Couple_looking_at_tv_screenA sexual misconduct conviction was thrown out by the 2d District Court of Appeal recently because the accused man did not receive a fair trial. The man’s appellate counsel argued successfully that the trial court should not have allowed a police officer and the alleged victim’s teacher to testify about the girl’s credibility, and it should not have allowed the prosecution to play a movie clip that would tend to create improper prejudice in the minds of the jurors.

Henry Keith Cavaliere was on trial for sexual misconduct with an underage girl. The alleged crime came to light when the girl disclosed the molestation to a friend after the two watched a movie about an online sexual predator. The girl subsequently told her teacher about the contact, and later a police officer interviewed her about the incident.

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New_Jersey_State_Police_Traffic_StopA recent ruling from the state’s highest court served as a clear statement regarding the limitations of proper traffic stops. Namely, the Florida Supreme Court‘s opinion reminded that, for a traffic stop stand up in court, the police officer must not only have a suspicion that illegal activity has occurred, but that suspicion must be a “well-founded” one, and stopping a vehicle because its paint color did not match the color on file with the Department of Highway Safety and Motor Vehicles did not meet this standard.

The ruling stemmed from the drug trial of Kerrick Van Teamer. A sheriff’s deputy spotted the man driving a green Chevrolet car, but when he ran the car’s license plates through the state’s vehicle registration database, the deputy discovered that the plate belonged to a blue Chevrolet. Although the court’s opinion did not say, the car’s year and model (in addition to the make) presumably matched; only the color did not.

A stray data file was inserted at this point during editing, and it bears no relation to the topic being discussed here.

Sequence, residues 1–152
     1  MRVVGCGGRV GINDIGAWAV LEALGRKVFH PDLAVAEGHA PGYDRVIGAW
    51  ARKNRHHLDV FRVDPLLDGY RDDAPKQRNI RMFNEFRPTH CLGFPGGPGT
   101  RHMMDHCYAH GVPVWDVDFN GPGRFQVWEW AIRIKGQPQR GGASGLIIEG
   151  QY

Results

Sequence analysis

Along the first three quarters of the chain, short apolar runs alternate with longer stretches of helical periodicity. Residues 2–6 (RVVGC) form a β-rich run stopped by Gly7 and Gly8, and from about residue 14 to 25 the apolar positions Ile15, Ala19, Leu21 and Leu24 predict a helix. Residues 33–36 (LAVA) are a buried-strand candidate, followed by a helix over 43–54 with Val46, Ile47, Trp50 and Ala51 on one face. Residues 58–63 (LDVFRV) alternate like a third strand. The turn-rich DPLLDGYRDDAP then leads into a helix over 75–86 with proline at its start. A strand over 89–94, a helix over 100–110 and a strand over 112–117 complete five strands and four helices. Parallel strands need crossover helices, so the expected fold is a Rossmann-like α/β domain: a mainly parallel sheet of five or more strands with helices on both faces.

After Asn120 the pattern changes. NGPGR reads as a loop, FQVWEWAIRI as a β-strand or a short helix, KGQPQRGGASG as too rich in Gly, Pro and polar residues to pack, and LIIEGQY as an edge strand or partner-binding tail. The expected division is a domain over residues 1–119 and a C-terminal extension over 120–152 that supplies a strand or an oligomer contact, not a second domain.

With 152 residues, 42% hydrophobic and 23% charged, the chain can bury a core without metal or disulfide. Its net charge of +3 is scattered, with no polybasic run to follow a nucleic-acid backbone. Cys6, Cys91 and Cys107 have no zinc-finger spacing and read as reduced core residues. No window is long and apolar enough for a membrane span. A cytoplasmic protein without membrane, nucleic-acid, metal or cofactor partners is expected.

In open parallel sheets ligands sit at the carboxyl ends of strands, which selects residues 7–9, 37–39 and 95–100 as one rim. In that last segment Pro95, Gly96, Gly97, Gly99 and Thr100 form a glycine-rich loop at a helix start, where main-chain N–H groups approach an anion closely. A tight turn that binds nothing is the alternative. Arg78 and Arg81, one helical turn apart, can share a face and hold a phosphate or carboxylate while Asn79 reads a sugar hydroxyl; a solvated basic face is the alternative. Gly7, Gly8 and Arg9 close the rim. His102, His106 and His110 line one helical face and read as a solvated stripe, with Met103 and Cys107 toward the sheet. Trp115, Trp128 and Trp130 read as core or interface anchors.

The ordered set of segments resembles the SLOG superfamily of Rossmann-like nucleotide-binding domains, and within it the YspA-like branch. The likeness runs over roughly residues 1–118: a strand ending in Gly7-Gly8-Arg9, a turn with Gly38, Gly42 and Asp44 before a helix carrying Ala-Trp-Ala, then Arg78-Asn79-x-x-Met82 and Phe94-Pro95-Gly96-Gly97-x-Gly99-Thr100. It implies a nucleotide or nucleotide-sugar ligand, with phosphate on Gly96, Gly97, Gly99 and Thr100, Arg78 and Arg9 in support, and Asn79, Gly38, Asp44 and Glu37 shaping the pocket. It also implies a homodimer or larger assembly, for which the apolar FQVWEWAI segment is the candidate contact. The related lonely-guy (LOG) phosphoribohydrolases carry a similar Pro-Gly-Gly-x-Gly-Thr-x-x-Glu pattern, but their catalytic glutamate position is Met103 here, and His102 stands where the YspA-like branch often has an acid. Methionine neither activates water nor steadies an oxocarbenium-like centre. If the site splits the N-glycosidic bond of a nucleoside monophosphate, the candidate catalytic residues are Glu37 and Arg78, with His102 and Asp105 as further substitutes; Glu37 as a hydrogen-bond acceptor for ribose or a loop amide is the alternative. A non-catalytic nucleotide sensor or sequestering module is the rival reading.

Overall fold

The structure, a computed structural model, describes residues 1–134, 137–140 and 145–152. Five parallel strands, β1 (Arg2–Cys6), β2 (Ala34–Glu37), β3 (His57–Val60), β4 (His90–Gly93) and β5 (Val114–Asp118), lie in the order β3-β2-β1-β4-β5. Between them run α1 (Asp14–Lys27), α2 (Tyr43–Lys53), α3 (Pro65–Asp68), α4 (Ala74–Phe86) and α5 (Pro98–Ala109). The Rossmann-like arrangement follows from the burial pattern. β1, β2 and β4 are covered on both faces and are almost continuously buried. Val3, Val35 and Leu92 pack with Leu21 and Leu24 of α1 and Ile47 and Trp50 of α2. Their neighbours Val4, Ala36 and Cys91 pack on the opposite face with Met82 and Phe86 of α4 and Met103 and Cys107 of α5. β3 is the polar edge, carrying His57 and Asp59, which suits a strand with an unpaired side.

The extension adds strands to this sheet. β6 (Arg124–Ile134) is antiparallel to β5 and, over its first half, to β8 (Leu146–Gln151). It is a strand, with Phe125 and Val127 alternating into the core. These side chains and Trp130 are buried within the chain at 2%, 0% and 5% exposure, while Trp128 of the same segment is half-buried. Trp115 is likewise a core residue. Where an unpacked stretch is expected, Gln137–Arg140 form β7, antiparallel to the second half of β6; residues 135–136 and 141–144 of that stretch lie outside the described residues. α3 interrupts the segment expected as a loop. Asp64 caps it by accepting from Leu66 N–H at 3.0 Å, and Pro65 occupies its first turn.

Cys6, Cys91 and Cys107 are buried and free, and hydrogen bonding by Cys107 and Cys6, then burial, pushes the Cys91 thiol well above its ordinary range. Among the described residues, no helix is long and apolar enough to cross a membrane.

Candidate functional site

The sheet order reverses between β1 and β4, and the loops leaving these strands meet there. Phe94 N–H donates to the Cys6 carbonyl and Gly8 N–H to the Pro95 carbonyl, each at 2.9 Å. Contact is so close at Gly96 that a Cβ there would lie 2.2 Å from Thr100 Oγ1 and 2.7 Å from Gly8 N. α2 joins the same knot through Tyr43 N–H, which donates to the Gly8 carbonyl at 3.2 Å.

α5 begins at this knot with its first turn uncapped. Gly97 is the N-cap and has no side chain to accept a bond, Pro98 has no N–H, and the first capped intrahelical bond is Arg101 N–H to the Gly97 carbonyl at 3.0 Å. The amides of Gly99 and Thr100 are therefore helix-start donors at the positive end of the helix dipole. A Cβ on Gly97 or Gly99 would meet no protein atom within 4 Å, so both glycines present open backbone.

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St._Pete_501_2nd_St_S02One of the constitution’s most basic protections is citizens’ right to be secure in their homes. That’s why the law imposes several hurdles for the issuance and execution of a search warrant for a person’s home. In one recent case, the 2d District Court of Appeal allowed a warrant to stand, ruling that the police presented enough proof to allow a warrant to issue, and that the 28-day delay prior to the warrant’s issuance was not so long as to make the warrant invalid.

In the case, police began pursuing Artesha Williams after a confidential informant told them that Williams was dealing crack cocaine from her home. Police then set up several “controlled buys” where the informant purchased drugs from Williams. The informant also gave the police inaccurate information about Williams having drugs and weapons inside her vehicle, which she did not. Based upon these drug transactions, the police requested a search warrant for Williams’ home. Four weeks later, the court issued the warrant and, upon executing the search, officers obtained crack cocaine, razor blades, baggies, and digital scales.

At trial, the woman asked that the court suppress the drug and drug paraphernalia evidence. The trial court rejected this request, and the woman was ultimately convicted. On appeal, Williams again asserted that the warrant was improper and that the trial court should have suppressed the drug evidence. The woman specifically challenged the warrant as “stale” because the last controlled buy occurred 28 days before the warrant issued and because the police, when applying for the warrant, left out the information about the informant’s bad tip related to Williams’ car.

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white-doctorWhile Florida’s criminal sentencing guidelines exist to help promote fairness, the law gives judges discretion to issue lesser penalties when the sentence prescribed by the guidelines does not meet the ends of justice. That can be especially true when the accused person suffers from serious mental or physical problems. In one such recent case, the Florida Supreme Court weighed in to confirm that courts do not have to make findings that the needed medical care is unavailable through the corrections system in order to impose a lesser sentence based upon that person’s medical condition.